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The most prominent downside is that you have to reinvent everything yourself, and by that I truly mean everything. Consider the functions of even just libc: memory allocation, file I/O, socket I/O, selectors, DNS resolution, user management, filesystem permissions, threads, subprocesses, signal management, and more that don't even come to mind. The scope of work for a fully-functional libc replacement is very large.

But of course, that assumes that all you need to replace is libc, but as shown above, that is not all we need to replace. We need a HTTP client capable of supporting the full feature set of URLSession, which is also a large amount of work.

Other downsides occur on platforms where you cannot perform an end-run around some system libraries without breaking. For example, glibc actually needs to be dynamically linked for some user authentication processes to work properly. Another example is that Apple platforms have no stable syscall ABI, for example, so even if we wanted to build a replacement for libc we'd never use it on Apple platforms, so the work would be done for Linux and Linux alone.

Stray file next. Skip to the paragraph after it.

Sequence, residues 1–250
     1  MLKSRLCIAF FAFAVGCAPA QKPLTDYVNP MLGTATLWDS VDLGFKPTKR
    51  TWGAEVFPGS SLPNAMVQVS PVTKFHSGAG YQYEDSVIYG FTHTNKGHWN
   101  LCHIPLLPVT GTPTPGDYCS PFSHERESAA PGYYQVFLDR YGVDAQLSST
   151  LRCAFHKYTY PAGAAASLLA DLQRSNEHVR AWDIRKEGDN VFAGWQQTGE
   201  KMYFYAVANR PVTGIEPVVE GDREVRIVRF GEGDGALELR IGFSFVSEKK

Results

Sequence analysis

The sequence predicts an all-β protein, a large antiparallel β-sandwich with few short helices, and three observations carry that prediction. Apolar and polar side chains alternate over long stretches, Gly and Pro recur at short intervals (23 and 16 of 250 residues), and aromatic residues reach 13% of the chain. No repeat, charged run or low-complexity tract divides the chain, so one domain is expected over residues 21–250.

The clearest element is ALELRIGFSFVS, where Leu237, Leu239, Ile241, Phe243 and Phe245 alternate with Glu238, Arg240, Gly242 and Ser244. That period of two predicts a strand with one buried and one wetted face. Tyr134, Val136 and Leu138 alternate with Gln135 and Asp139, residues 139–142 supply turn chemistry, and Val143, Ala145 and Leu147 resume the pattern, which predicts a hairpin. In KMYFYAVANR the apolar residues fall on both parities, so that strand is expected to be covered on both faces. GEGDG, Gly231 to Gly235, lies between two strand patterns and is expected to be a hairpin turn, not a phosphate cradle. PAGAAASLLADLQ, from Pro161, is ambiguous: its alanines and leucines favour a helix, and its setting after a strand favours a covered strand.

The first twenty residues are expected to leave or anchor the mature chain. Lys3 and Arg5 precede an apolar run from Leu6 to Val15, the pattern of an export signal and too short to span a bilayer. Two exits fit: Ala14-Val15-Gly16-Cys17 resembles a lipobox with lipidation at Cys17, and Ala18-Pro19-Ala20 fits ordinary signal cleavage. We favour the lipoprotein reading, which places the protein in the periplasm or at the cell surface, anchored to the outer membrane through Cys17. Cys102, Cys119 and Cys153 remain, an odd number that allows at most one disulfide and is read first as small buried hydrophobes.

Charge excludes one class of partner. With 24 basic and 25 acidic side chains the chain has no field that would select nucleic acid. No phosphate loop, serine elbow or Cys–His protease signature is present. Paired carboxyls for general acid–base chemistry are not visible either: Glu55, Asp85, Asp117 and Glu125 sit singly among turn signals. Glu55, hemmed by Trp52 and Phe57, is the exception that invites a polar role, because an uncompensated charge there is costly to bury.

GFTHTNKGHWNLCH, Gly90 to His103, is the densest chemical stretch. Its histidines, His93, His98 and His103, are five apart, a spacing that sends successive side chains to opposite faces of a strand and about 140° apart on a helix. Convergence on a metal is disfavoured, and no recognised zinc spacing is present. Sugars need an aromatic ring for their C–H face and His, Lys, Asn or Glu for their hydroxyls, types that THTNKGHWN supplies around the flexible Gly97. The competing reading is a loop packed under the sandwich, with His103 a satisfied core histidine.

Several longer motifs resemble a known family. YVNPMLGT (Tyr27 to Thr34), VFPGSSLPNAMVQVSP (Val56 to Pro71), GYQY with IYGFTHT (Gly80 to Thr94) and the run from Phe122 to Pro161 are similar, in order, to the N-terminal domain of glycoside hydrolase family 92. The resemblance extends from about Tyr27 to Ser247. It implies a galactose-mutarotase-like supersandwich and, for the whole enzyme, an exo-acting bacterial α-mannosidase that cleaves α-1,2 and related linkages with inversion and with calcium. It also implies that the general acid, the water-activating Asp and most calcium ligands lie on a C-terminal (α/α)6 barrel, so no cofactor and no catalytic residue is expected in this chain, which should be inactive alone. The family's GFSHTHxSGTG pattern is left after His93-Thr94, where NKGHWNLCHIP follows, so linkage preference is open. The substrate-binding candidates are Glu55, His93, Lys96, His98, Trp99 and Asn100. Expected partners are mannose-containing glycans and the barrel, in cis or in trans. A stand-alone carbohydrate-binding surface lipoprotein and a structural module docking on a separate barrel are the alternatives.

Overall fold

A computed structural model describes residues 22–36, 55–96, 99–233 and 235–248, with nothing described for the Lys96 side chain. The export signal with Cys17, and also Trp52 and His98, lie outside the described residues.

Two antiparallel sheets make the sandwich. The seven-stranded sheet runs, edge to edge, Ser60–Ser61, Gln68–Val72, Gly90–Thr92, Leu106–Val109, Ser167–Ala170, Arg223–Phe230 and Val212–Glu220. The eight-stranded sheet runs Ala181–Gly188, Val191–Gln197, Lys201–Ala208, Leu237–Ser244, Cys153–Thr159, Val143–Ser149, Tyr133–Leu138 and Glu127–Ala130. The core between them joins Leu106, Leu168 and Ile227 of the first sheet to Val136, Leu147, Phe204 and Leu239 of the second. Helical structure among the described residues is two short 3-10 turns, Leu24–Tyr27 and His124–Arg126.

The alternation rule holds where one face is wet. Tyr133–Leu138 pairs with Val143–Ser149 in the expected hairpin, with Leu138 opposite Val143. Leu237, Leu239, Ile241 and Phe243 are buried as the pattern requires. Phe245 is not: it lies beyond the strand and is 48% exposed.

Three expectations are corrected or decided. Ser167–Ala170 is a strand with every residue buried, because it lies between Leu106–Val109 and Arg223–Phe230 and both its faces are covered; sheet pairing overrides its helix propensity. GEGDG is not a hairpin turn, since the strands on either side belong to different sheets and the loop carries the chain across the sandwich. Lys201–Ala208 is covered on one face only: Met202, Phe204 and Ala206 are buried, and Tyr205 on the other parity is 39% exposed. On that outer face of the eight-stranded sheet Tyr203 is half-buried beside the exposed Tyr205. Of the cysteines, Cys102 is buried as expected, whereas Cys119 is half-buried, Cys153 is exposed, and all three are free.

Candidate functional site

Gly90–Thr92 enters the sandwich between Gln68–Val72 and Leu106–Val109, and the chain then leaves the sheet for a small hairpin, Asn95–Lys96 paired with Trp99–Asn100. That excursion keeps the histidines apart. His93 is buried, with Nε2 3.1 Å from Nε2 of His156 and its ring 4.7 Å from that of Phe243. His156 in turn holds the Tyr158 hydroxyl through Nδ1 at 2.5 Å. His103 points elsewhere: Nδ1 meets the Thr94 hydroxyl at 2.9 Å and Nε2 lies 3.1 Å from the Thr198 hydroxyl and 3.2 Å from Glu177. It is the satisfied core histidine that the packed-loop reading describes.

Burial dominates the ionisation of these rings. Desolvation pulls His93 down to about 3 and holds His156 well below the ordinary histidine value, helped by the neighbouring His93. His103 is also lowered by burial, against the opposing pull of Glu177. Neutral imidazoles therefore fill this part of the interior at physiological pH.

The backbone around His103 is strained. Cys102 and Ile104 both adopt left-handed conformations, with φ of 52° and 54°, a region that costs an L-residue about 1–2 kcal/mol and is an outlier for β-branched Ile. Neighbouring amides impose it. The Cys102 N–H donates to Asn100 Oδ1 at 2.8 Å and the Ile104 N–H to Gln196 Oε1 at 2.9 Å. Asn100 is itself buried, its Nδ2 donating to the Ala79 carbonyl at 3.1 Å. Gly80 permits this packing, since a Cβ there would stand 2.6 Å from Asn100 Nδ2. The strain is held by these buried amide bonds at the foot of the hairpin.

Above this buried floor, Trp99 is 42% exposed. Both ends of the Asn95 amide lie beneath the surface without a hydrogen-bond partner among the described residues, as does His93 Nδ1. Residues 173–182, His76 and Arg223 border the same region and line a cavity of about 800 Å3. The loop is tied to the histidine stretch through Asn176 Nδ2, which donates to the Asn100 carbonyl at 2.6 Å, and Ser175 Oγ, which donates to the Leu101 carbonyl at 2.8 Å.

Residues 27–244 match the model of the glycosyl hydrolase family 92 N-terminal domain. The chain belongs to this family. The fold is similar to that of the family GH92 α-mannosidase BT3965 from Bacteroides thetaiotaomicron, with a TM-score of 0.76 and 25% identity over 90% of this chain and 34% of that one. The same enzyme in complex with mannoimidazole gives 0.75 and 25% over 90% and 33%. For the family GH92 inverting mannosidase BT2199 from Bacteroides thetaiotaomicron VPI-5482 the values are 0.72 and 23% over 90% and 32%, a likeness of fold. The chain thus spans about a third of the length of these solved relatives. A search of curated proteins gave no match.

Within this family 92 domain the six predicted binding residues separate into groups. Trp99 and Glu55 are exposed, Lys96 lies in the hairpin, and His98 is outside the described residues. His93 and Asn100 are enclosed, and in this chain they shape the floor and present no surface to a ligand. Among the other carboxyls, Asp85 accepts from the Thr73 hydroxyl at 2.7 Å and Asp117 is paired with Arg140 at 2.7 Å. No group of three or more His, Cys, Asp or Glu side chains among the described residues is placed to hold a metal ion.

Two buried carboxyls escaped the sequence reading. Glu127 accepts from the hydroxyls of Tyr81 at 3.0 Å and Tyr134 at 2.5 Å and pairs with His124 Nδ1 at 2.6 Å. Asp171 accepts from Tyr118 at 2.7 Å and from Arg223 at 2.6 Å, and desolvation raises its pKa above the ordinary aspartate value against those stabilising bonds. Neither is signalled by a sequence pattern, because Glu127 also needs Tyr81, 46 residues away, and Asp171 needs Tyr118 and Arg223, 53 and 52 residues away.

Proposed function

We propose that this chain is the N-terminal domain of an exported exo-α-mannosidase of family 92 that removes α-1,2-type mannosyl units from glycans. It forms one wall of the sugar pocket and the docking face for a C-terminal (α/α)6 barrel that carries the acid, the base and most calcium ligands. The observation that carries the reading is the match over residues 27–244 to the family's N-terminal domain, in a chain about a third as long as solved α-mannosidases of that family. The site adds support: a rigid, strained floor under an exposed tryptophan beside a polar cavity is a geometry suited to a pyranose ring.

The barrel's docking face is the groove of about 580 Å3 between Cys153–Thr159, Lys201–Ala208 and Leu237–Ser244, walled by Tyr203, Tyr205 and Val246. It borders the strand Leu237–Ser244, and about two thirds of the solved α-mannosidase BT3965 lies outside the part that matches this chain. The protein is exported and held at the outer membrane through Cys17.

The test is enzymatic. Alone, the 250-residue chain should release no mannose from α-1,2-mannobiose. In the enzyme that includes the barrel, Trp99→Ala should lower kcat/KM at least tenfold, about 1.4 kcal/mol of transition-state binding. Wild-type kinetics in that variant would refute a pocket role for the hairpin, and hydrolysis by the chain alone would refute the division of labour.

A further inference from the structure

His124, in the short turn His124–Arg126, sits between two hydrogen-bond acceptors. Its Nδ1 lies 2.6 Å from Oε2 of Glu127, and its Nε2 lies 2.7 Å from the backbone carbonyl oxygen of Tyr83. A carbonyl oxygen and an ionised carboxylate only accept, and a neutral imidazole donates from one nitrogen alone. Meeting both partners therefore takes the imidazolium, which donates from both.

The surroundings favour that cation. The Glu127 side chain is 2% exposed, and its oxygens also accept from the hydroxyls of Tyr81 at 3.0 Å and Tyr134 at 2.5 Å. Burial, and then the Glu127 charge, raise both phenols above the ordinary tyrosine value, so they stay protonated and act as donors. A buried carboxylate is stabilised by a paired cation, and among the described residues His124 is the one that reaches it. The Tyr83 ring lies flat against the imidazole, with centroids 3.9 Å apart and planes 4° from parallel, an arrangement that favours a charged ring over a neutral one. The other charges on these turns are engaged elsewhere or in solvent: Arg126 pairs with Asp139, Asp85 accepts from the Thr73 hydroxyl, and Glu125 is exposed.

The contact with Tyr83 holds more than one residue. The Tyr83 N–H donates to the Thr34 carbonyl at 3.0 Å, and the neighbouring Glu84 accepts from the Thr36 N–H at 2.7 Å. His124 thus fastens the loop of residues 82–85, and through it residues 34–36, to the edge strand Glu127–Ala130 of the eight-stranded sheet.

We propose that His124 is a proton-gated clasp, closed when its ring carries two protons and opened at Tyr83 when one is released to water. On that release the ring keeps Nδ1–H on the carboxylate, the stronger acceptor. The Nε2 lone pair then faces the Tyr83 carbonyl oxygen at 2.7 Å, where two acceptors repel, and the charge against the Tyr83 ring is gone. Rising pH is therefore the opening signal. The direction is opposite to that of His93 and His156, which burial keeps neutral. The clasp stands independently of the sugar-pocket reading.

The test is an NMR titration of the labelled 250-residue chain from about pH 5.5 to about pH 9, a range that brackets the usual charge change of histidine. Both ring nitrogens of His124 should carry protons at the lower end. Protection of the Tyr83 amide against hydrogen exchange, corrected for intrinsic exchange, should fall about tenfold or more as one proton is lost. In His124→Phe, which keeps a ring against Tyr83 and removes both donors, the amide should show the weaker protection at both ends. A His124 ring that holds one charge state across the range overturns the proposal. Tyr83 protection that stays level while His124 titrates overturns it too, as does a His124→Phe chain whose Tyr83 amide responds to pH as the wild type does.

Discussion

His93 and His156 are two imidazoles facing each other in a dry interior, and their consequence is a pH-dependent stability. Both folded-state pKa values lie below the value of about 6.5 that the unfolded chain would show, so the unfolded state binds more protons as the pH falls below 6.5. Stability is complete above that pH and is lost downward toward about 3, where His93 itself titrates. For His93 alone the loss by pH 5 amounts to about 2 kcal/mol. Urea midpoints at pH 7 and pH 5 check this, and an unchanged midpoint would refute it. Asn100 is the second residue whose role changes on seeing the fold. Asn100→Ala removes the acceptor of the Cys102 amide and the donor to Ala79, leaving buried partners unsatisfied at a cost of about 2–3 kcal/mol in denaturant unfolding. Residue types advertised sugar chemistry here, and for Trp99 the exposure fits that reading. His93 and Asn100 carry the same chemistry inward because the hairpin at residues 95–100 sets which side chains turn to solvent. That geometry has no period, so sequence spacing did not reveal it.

None of this is impossible, but it is definitely the hardest way to do things. This is also why Rust did not go down this road: in some senses it's a boil the ocean strategy for library development. It can be done, but personally I don't believe it's a sensible way to spend time. It costs less to do the work to write compatibility code and CI on a wide range of platforms than it does to boil the ocean in this way.